One of the things I've learned during my time playing Heroes of Might and Magic that resonates with me right now is the concept of the pyrrhic victory. In the game, players must raise armies, recruit new heroes, collect and manage resources, capture camps, garrisons or other strategic points on the map, and achieve victory by defeating all opposing heroes and armies and conquering their towns. The challenge is in making the most of every turn (day) and making the best decisions that carry forward with ripple effects that culminate into the mid and late-game. Do you build more creature habitats to increase growth for your armies first, or build a Tavern so that you can recruit more heroes sooner? Would you focus on amassing a legion under the command of a single hero, which could allow you to steamroll most hostile creature camps, gain lots of experience for your primary character and collect lots of powerful artifacts, making your hero stronger against your rivals' heroes? Or balance your armies under multiple heroes which could allow you to increase productivity, handle logistics better and scout further on the map, but risk losing battles if engaged with a mightier opponent? I usually like to build one hero and army up until they are doing well before I work on building new heroes to expand and hold my territories. Going back to the idea of pyrrhic victory is that in this game, if you do not achieve an overwhelming victory with each battle, you will end up losing chunks of your army until you no longer have an advantage, which means that your army loses momentum and is more vulnerable to defeat in the next battle. Especially if you build that character up and invest all your time and resources on them. There are numerous opponents to battle in each map and it is crucial to always have the strength to fight during the most pivotal times. So like in real life, don't overexert yourself each day because you still have all the future days in your life to live and you'll need to be strong enough to keep up the momentum in a sustainable way.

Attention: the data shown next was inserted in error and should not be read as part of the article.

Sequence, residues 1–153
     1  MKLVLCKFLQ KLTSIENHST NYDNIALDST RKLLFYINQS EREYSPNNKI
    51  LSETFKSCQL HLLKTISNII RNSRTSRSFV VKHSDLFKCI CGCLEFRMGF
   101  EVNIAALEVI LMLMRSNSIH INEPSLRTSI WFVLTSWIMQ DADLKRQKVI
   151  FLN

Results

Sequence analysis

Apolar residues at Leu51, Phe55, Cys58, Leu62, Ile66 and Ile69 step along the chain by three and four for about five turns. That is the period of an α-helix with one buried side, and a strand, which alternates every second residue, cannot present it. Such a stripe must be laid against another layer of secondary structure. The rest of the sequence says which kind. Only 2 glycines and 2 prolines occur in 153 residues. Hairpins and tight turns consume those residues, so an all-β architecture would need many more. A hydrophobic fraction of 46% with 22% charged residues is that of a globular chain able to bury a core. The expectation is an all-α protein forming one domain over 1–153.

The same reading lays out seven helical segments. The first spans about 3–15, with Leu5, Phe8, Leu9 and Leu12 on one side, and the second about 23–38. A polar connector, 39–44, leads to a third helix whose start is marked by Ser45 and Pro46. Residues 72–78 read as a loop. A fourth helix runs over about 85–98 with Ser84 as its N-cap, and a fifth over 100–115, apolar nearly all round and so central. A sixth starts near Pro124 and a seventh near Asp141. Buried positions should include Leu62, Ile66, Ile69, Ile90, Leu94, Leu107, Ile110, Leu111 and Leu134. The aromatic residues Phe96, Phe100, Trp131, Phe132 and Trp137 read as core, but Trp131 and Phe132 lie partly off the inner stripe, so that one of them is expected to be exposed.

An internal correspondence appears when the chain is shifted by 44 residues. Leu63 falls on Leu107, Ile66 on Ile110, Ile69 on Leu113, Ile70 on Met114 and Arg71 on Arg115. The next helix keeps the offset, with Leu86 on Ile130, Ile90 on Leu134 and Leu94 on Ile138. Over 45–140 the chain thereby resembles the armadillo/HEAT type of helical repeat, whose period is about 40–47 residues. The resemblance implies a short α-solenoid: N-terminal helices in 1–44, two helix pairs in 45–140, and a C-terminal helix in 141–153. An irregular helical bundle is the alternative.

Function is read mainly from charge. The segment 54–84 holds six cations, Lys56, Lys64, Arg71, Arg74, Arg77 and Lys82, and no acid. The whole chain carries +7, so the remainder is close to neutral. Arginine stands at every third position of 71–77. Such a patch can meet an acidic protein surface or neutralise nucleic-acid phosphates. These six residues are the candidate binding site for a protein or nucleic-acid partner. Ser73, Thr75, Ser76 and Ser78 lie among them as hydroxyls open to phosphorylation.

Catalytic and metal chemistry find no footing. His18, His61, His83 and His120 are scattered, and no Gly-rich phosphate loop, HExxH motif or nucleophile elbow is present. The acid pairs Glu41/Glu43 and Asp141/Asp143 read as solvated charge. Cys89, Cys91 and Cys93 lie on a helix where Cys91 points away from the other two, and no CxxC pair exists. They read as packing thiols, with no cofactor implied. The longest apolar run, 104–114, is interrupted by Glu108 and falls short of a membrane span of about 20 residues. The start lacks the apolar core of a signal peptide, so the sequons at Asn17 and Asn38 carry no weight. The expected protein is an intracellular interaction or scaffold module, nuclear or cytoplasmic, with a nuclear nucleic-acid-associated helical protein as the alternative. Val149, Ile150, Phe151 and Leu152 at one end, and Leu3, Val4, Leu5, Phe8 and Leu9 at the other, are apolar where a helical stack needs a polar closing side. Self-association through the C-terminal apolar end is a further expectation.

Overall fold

"Life's not a race but a marathon"
There are a lot of parallels to be drawn from video games that relates to real life. I could go on and on but I should sleep. If anyone still reads my blogs just know that I only have time to dump my ideas here and not really enough time to edit anything. I'm no English major and I don't get paid for this so please understand. I hope I'm at least able to get the point across and invoke some inspiration in a few readers. I've always been inspired by video games and want to refine how I express myself so that people can better grasp what I want to communicate. One day though I'll write a book and have every word, sentence and paragraph properly edited to make it easier for the reader.